22 Changes in ground-water levels in the High Plains aquifer from before ground-water development to (V.L. McGuire, U.S. Geological Survey, written commun., 1998.)

23 The Gulf Coastal Plain Aquifer System
The Gulf Coastal Plain aquifer system underlie about 290,000 square miles extending from Texas to westernmost Florida, including offshore areas to the edge of the Continental Shelf. Water withdrawals from the aquifer system have caused lowering of hydraulic heads at and near pumping centers; reduced discharges to streams, lakes, and wetlands; induced movement of saltwater into parts of aquifers that previously contained freshwater; and caused land subsidence in some areas as a result of the compaction of interbedded clays within aquifers.

24 Land subsidence in Houston

25 Flooding in coastal Galveston because of subsidence

26 Saltwater Intrusion Salt water incursion in caostal aquifer
upconing below cone of depression Aquifer below Brooklyn, NY destroyed Serious problem in Gulf Coast and California Salt water incursion in caostal aquifer

27 Extent of salt water incursion in Miami-Dade
Salt water intrusion in Miami-Dade

28 Sinkholes forms in areas with abundant water and soluble bedrock (gypsum or limestone) collapse follows ground water withdrawal

29 Stalagtites Stalagmites Dripstones in a cavern

30 Interfering with the flood plain
Asphalt and concrete reduces infiltration and hence the lag time Buildings in the flood plain increases flood heights (why?) Storm sewers quicken the flow to the river Exposed soils silt up the river channel

31 Reducing Flood Hazards
Avoid Flood Plains: Not practicable Risk mapping : identify areas endangered by different magnitude of flood Use higher risk areas for recreation purposes etc. Building codes e.g., on buildings on stilts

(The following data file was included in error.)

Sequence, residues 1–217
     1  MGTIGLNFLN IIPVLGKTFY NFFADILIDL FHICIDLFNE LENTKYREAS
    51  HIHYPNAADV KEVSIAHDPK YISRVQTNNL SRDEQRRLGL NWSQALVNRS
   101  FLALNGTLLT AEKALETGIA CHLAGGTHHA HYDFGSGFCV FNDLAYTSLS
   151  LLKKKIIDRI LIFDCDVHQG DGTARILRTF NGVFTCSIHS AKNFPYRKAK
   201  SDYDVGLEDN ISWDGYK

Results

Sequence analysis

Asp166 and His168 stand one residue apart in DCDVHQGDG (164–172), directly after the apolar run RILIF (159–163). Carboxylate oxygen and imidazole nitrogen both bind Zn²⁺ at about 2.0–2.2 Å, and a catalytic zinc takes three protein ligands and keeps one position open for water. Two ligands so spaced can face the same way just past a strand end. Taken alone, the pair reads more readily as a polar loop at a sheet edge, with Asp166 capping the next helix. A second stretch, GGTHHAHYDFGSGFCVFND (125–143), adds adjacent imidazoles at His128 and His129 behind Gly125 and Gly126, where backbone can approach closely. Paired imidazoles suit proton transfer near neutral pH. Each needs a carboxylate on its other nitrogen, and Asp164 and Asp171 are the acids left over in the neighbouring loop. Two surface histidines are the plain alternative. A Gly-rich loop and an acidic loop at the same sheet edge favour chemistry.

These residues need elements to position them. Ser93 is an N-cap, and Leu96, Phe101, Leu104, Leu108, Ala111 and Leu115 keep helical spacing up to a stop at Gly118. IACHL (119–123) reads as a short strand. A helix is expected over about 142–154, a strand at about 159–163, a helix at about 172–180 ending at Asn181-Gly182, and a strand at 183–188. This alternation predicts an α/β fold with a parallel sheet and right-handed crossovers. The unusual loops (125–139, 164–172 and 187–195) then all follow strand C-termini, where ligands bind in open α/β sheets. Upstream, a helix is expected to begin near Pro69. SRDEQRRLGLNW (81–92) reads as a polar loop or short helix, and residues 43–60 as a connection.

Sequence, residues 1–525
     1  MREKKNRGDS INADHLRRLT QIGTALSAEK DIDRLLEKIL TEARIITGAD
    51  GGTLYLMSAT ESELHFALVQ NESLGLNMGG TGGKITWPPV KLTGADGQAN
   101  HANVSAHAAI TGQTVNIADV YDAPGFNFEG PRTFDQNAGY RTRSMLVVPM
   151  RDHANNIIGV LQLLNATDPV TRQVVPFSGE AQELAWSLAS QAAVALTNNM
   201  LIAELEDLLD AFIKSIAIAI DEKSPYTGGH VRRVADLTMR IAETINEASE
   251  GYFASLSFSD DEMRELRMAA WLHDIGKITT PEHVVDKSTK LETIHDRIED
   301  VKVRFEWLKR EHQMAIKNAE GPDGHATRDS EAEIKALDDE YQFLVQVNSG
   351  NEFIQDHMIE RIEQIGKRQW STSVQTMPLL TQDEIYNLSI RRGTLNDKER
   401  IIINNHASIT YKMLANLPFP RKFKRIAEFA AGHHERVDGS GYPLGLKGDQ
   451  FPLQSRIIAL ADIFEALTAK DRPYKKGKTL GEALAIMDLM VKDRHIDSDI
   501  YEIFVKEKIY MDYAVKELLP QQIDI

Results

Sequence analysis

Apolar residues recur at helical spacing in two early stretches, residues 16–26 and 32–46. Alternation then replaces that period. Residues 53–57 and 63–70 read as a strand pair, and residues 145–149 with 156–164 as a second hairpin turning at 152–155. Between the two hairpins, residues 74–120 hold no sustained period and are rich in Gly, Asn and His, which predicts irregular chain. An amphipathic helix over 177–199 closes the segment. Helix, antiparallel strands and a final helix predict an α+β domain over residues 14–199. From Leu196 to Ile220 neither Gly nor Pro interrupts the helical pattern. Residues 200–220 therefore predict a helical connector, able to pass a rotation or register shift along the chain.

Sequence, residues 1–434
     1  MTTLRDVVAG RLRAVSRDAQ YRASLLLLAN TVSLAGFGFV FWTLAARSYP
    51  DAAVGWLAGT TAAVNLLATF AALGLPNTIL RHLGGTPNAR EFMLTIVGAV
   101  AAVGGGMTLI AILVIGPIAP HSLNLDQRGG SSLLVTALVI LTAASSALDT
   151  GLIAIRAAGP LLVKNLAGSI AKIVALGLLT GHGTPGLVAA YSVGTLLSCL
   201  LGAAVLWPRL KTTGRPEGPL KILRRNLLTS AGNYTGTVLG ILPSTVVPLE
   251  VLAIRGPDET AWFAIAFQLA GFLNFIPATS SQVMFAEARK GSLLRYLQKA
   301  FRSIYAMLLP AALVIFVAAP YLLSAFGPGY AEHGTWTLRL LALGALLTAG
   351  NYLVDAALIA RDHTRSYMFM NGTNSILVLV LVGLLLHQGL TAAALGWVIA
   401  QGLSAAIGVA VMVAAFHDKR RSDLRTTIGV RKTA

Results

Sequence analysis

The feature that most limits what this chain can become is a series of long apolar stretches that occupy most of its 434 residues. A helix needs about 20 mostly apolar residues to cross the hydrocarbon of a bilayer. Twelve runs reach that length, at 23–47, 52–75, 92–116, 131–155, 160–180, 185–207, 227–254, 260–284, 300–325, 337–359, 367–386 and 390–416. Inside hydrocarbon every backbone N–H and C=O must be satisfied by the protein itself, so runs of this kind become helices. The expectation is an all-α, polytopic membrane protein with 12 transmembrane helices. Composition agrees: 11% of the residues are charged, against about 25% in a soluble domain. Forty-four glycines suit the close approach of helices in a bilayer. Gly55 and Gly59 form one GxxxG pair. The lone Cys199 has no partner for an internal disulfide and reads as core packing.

32 Reducing Flood Hazards
Retention ponds does not alter the channel, can be farmed Channelization Mississippi case history, Florida problems, Export of flooding Levees (Raised banks along the channel) Extensive damage if breached, alters sedimentation, upstream flooding Dams (irrigation, hydel, recreation) stream profile altered, habitat destroyed, seismic risk

33 Channelization of Kissimmee River

34 Kissimmee River Project
Wetlands drained Dairy Farms and Sugar Plantation moved in Fertilizers and pesticides washed into Florida Bay Algal Bloom used up dissolved oxygen in water Excessive sedimentation smothered bottom communities and blocked sunlight in deeper water Death of corals, sponges and bottom-communities Loss of habitat of fish and fowls of wetland Loss of recharge of groundwater Loss of evaporation and drop in rainfall Exotic plants moved in Now the river is being restored to original channel

35 Urbanisation and ground water
Loss of Recharge Impermeable cover retards recharge Filling of wetlands kills recharge area Well planned holding pond can help in recharging ground water

36 Water Quality Most freshwater contain dissolved substances
concentrations are described in ppm or ppb TDS=Total Dissolved Solids 500 to 1000 ppm for drinking water 2000 ppm for livestock some solids (e.g., Iron, Sulfur) more harmful than others (e.g. calcium) synthetic chemicals can be toxic at ppb level Radioactive elements pose special hazard Uranium, Radium, Radon

37 Hard water Hard Water: Common in limestone country
contains dissolved Ca and Mg; problematic if >100 ppm problem with soap leaves deposits in plumbing and in appliances can be cured with water softener typically ion exchange through zeolites

38 Water Use in US 4200 billion gallons of precipitation
2750 billion gallons lost by evaporation 1400 billion gallons available for consumption Biological need : 1 gal/person/day US consumption: 1800 gal/person/day = 400 billion gallons per day for the entire US

39 Offstream Use: water diverted from source e. g
Offstream Use: water diverted from source e.g.,for irrigation or thermal power generation Consumptive: water used up For farming, drinking or lost by evaporation Instream: water returns to flow: e.g., for hydroelectric power generation

40 Water Use …contd Main Uses: Thermoelectric Power